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Should you still change jobs if you're worried about a recession? What economists say

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The job market is holding strong despite ongoing concerns of a recession.

There were 11.3 million job openings in May, or roughly two jobs for every unemployed worker, according to the latest Job Openings and Labor Turnover Survey. Some 6.5 million people were hired into new jobs, and 4.3 million people quit for a new one. May marked six straight months of more than 11 million job openings, and 12 straight months of more than 4 million people voluntarily leaving their job.

The strong labor market stands in stark contrast against growing recession fears — 70% of Americans believe an economic downturn is on its way, driven by concerns over high inflation, rising housing prices and a volatile stock market, according to one MagnifyMoney survey.

So is it a good time or a bad time to change jobs? Here's what economists say.

There's still an 'insatiable demand to hire'

It's still a job-seeker's market and employers have an "insatiable demand to hire," says Andrew Flowers, a labor economist at Appcast and research director at Recruitonomics. As of June, he says Appcast, which helps businesses with recruiting efforts, hasn't seen a slowdown in employers' intent to hire through the end of the year.

Current job postings are 61% higher than they were pre-Covid, according to Bureau of Labor Statistics data.

Flowers expects jobs in leisure and hospitality to remain strong as people continue to travel, go to events, dine at restaurants and shop, even as inflation has ratcheted up in recent months.

But some jobs may be more sensitive to the rising interest rate, including in construction and manufacturing, which could see a drop-off in openings.

As for people who are seeing opportunities in their field right now, Flowers says to "strike while the iron is hot."

But job-seekers should be cautious and prepared

Still, others warn that growing uncertainty is a reminder to be "cautious" about changing jobs, and to make sure you have a new one lined up before you quit.

"It doesn't mean workers can no longer look for better opportunities, but I would hesitate to leave a job if I had no immediate prospects," says Stephanie Aaronson, vice president and director of the Economic Studies program at the Brookings Institution.

The best thing you can do, she says, is to do some "on-the-job" searching to "make the exchange without a spell of unemployment. Your odds of finding a new job are still quite high, and there's still a potential payoff to doing that."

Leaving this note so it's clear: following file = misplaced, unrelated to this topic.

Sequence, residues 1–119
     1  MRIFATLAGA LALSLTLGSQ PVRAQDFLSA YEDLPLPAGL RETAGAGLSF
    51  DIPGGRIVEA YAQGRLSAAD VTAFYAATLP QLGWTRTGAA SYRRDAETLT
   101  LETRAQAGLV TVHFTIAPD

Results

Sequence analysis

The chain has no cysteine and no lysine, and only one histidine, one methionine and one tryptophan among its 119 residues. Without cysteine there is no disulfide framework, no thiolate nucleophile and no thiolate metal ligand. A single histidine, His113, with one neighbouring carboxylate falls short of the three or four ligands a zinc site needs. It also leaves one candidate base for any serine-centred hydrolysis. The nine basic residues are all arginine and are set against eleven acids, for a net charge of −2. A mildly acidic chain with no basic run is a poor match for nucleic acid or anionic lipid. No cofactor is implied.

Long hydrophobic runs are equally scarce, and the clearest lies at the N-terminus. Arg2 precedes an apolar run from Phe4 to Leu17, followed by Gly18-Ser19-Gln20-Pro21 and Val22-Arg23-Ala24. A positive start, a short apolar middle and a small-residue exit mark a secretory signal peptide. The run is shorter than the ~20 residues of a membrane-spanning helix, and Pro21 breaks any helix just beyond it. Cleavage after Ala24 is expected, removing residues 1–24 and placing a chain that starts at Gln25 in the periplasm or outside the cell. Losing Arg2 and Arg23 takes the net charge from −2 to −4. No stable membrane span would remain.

In the first quarter of 2022, job-switchers saw their pay grow by 8.7% year-over-year, while wages for job-holders went up by 6%, according to ADP data.

Aaronson adds that job-seekers should "be prepared" to put in the effort in interviews, more so than you might expect given stories of hiring managers fighting for talent in the last year.

If hiring cools, it won't be "enough to show up and be available to work," she says. "Firms are going to be hiring a lot fewer people, so there's going to be more competition, and you'll have to make yourself a more attractive candidate."

Some firms (particularly in the crypto space) have gone to the extreme in recent months by rescinding job offers days before new hires are set to start.

However, the move is "highly unusual" and primarily coming from hyper-growth tech companies focused on nixing early-career jobs, says Sid Upadhyay, co-founder and CEO of the hiring platform WizeHire. Still, it's another reminder that job-seekers should assess their risk tolerance for changing jobs given their financial circumstances, and do their due diligence about a prospective company.

A recession may not have a big impact on the job market

Some experts warn that if the U.S. enters a recession, recent hires could be the first to be fired if the company undergoes layoffs.

Others say if we do enter a recession, the market could be slower to respond due to today's sheer demand for labor. Many employers haven't been able to staff up during the Covid recovery, and "you can't lay off what you don't have," says Ron Hetrick, a senior economist at the labor market analytics firm Lightcast.

Overall, Flowers says the most likely immediate change in the job market is that workers will lose some negotiating power, "but that doesn't mean layoffs are coming en masse."

Why you should pay attention to the quitting rate

To get a temperature check on how people feel about their own security in the broader economy, Flowers says the big indicator he's paying attention to is the quits rate, which has remained at or near a record-high of 3% for the last year.

"The quits rate is putting money where your mouth is," Flowers says. "If you think the economy is strong and you can get a better offer, you'll do it. But when quits decline and people are more conservative [about leaving their job], that'll tell me consumers are shifting their confidence in the economy."

Check out:

'It's almost unbelievable': People are having their job offers rescinded days before they start

88% of execs think they've made great leadership decisions during Covid—only 53% of workers agree

Despite high-profile staff cuts, the job market remains 'burning hot' for workers

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